David Huseby: true. ; I keep coming to the conclusion that bitcoin is only useful for two things: 1) storing data that cannot be changed by governments/corps and 2) a cryptographically secure source of “not before” time stamps for things like non-revocation proofs.

mitfik: why Bitcoin and noth Eth? or overall permissioneless ledger ?

Jordan McKinney: All of which (and more) can be done on Ethereum

Oliver Terbu: +1 eth

David Huseby: 🤷🏻‍♂️ incentive structures are different

mitfik: so you saying that Bitcoin have the "best" incicentive ? ; for that specific purpose?

David Huseby: no. but bitcoin is simpler. that’s more attractive to me for security things ; I don’t know which incentive structure is better.

Jordan McKinney: Imo bitcoin security is long-term unsustainable, which is a problem

David Huseby: I’m not a bitcoin shill. not going to argue for them. not sure I understand how you can to that conclusion tho ; how you came to that conclusion...

Jordan McKinney: https://medium.com/coinmonks/bitcoin-security-a-negative-exponential-95e78b6b575

I wrote several posts on the issue ^ ; That’s the first ; Tl;dr hard cap on issuance means all miner revenue has to come from fees which are much lower, less certain, etc

By_Caballero: breaks are optional-- something tells me this group is gonna stay until the bottom of the hour and have to be hosed down like rabid dogs :D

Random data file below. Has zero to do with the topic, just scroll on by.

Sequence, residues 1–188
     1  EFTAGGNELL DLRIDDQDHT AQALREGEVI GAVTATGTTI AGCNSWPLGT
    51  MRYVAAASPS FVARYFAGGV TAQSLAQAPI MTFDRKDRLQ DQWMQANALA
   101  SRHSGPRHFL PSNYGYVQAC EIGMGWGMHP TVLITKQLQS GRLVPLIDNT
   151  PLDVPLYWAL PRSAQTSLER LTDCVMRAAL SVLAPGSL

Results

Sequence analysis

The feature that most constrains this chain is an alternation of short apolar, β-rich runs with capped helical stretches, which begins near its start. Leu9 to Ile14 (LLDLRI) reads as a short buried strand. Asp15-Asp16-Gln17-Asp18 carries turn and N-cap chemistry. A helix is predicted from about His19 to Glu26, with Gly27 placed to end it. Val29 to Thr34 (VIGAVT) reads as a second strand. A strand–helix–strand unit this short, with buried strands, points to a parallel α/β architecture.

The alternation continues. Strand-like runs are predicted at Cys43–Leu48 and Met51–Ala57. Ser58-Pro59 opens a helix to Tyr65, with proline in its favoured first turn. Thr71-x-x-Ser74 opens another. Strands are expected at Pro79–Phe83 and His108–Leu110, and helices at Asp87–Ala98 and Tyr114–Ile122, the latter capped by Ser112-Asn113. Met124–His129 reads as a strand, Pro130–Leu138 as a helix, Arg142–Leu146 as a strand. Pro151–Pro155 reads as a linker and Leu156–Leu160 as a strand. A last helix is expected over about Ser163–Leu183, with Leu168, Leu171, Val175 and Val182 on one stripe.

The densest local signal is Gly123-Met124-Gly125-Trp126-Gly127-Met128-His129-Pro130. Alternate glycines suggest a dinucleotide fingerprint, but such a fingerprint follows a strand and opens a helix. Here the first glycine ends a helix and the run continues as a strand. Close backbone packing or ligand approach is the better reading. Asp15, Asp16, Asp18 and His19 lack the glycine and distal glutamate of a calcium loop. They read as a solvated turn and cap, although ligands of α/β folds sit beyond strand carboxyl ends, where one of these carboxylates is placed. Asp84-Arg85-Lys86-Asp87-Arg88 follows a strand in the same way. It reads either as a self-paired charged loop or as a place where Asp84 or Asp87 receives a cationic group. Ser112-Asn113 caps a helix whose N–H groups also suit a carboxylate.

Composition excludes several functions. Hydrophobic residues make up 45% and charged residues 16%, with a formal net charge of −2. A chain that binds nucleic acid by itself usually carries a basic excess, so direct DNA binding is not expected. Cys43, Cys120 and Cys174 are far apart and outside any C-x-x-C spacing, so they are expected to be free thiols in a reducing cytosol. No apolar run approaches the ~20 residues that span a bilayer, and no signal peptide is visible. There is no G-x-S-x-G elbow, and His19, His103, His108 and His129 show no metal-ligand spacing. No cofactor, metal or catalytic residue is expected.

Oliver Terbu: yep, 3 slides left, then we could use the remaining time for all the rabbit holes :)

By_Caballero: sorry, i think I just had a stroke when martin said "recursive"

John Hopkins: What are some of the active implementations?

Kyle Den Hartog: Loopring has been working on one for DEXs  ; It’s not DID focused, but does build on the ZKRollup structure  ; This zksync? https://github.com/matter-labs/zksync

Steven Wilkinson: https://minaprotocol.com/docs/snapps

Kyle Den Hartog: Has anyone looked to build a smart contract with go then? ; At least that you’ve heard of? ; Sorry, not with go with Hyperledger fabric and chaincode ; Thinking about it in the case of securekey

Oliver Terbu: I guess we don’t need the raise hand feature anymore

John Hopkins: quick clarification on terminology when we say rollup, do we just mean any sort of layer 2 network?

Rouven Heck: please ping us - if you are interested to follow up, or want to discuss anything in more detail in futures session: rouven.heck@mesh.xyz ; martin.riedel@mesh.xyz

Jordan McKinney: I believe “rollup” is a specific method of taking a large collection of transactions and created a proof that sort of “contains” all the transactions in a compressed way. The transaction data is not actually contained in the roll-up, so I don’t mean a literal compression. The act of collecting tx’s and creating the rollup can all be done off-chain though, so that is essentially layer 2 and chain agnostic I think

By_Caballero: :flex emoji:

By_Caballero: whoa john is calling from another room in rouven's house

Kyle Den Hartog: Vitalik " ; “The etheream guy”  ; ethereum*

Tobias Looker: Thanks guys cool proposal!

Jeff Orgel: Thx!

Tobias Looker: Do you have a link to the slides?

Kyle Den Hartog: Yeah seems like a cool proposal

Michael X Shea: thx~

Oliver Terbu: Yes, will be provided in the notes

Tobias Looker: Thanks!

balazs (DIF): Thanks!